3.7.4 We are especially keen to understand how many additional people will be entering the welfare system as a result of the Universal Credit. We would also welcome understanding if people losing all out of work benefits as a result of time limiting contributory ESA to 12 months is implemented has been factored into DWP tackling poverty estimates. The DWP have suggested 280,000 disabled people will lose contributory ESA and all out of work benefits through this time limiting and we believe this underestimates the figure – which our analysis suggests will be closer to 400,000 disabled people. Disability Alliance has sought answers from DWP on this issue and we believe these contradictory figures and Government estimates of tackling poverty through the UC require further examination and for Government plans to be fully developed and clarified.

3.8 Costs

3.8.1 The cost of introducing the UC is £2 billion (page 51) for the period of the current Spending Review. This is the same figure as disabled people on contributory ESA are set to lose under Government plans to time limit this support to twelve months from April 2013. We are concerned that disabled people are paying for the UC – which represents an unfair burden falling on already limited shoulders. A third of disabled people live in poverty in the UK and we believe the contributory ESA cut and other welfare changes risk increasing disability poverty.

3.9 Simplification and timetable for reform

3.9.1 While the aim of UC is to simplify the benefit system the social fund and council tax benefit proposals may mean these become more complicated and unfair (see 3.2 and 3.3 for further information).

3.9.2 We are unclear why the Government has chosen to exclude contributory benefits from the UC approach, for example including income-based JSA and ESA but excluding contributory JSA and ESA. This increases complexity to some extent.

3.9.3 Inevitably, changes to any system also require a period of transition for people moving from one to another benefit and this also institutes a degree of complexity. The timeframe to introduce the UC is dramatically short and we are concerned that Jobcentre Plus and DWP staff will be under enormous pressure and unable to access appropriate training to meet and identify disabled service users’ needs adequately. This could result in further barriers to service use – and to entering work or leaving benefits for some disabled people. We are keen to understand: the Government’s plans to train staff before UC implementation in 2013; when it will begin; and how many staff will receive training before UC introduction. This is uncovered in the white paper but paramount to disabled people having confidence that the new system will be ready and able to meet legitimate needs.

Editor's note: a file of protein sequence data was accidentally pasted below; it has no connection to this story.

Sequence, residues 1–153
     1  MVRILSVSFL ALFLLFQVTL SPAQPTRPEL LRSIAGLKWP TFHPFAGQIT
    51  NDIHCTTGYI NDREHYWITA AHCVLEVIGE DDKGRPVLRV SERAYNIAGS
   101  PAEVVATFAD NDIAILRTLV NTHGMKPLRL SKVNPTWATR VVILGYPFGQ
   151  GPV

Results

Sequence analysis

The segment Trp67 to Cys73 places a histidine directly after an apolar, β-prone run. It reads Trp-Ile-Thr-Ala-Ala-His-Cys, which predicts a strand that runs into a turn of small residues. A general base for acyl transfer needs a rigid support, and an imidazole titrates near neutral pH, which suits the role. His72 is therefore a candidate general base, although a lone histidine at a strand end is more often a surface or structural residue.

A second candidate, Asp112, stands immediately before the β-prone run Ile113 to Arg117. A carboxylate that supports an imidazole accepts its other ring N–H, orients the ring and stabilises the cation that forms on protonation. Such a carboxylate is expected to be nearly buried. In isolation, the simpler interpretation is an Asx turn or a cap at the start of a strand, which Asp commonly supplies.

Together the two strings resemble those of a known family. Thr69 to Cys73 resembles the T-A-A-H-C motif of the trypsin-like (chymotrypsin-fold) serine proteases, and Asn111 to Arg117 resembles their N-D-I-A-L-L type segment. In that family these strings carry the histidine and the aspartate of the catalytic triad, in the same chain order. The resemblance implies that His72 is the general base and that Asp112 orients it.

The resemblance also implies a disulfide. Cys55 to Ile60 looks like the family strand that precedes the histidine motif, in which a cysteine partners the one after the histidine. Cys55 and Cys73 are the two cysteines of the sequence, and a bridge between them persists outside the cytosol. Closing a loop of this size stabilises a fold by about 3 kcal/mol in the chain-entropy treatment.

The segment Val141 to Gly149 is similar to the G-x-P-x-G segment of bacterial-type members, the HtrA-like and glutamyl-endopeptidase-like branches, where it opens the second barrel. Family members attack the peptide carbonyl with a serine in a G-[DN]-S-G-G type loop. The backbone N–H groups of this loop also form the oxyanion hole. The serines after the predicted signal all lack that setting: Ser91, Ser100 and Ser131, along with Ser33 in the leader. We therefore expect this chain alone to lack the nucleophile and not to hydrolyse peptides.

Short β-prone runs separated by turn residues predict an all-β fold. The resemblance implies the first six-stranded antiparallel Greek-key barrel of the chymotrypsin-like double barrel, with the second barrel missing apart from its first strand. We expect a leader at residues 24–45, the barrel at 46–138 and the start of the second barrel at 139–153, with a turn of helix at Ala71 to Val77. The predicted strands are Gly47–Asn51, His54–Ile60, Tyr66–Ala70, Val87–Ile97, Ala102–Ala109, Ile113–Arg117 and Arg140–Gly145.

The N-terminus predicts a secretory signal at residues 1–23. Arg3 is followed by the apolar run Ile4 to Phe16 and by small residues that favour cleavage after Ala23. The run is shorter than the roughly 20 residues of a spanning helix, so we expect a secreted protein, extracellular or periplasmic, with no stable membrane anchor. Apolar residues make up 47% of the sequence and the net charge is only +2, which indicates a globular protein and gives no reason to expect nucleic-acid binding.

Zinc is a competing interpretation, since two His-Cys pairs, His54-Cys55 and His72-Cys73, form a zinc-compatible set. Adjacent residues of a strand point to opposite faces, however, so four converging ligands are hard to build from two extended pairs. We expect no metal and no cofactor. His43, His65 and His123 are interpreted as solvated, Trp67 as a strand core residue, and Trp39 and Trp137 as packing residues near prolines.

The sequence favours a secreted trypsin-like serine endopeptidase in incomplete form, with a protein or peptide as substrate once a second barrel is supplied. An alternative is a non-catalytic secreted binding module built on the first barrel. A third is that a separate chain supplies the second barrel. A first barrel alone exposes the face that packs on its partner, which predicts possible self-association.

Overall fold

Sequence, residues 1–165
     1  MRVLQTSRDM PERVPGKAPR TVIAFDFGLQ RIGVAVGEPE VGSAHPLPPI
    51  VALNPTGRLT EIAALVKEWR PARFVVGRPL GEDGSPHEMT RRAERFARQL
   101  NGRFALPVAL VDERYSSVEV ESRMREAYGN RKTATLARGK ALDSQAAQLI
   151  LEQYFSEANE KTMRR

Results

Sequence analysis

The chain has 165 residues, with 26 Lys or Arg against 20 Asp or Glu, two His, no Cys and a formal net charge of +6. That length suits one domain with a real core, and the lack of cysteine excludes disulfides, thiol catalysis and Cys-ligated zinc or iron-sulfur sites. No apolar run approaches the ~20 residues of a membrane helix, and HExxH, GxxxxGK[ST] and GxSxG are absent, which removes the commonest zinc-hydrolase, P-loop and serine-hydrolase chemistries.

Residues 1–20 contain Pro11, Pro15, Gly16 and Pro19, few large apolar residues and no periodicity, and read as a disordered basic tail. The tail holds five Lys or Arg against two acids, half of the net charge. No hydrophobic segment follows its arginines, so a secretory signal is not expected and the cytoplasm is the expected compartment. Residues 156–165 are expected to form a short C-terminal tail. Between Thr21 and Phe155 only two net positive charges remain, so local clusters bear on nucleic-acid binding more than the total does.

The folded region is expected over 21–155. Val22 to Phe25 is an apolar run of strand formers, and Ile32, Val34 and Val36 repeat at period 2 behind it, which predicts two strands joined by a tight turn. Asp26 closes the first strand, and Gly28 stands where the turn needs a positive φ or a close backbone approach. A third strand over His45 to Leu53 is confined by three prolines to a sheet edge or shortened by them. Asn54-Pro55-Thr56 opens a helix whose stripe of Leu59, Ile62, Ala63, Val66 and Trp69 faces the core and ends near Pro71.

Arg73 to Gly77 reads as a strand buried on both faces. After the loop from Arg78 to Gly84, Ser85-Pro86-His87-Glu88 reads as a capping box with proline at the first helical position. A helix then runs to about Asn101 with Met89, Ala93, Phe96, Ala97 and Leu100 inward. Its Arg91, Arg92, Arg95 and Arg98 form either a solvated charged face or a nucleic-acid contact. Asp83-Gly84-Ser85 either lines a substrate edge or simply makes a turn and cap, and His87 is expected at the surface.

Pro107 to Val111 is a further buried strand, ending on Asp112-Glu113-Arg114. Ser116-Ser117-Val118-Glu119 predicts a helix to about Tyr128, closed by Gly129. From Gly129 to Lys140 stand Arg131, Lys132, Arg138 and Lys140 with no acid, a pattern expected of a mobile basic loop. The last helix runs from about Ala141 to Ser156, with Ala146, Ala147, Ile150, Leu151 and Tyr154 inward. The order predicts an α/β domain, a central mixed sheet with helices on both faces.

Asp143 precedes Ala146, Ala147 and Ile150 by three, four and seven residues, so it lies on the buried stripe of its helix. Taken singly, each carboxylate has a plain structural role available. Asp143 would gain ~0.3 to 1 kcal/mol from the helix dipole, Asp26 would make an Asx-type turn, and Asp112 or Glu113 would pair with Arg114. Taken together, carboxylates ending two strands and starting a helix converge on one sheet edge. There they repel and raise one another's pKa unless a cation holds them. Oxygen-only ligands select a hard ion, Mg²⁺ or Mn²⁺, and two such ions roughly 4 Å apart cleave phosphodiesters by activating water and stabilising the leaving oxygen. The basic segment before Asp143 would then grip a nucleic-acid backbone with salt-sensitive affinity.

3.9.4 A further aspect of simplification in benefits is devolution. DA is keen to know if the NI Assembly is agreeable to DWP plans. On some benefit and other support for disabled people, devolved authorities have chosen to provide more generous support (eg on prescriptions and within care service charges for example) and we are keen to learn what differential impact introducing the UC may have in the component parts of the UK.

3.10 UC payment and assessment periods

3.10.1 We would also welcome clarity on proposed payment systems for the UC. We understand this will be monthly but this may adversely affect millions of people used to a different process and may mean changes of circumstances are taken into account only in the next calendar month. We would welcome the Government explaining its proposals on this issue fully.

December 2010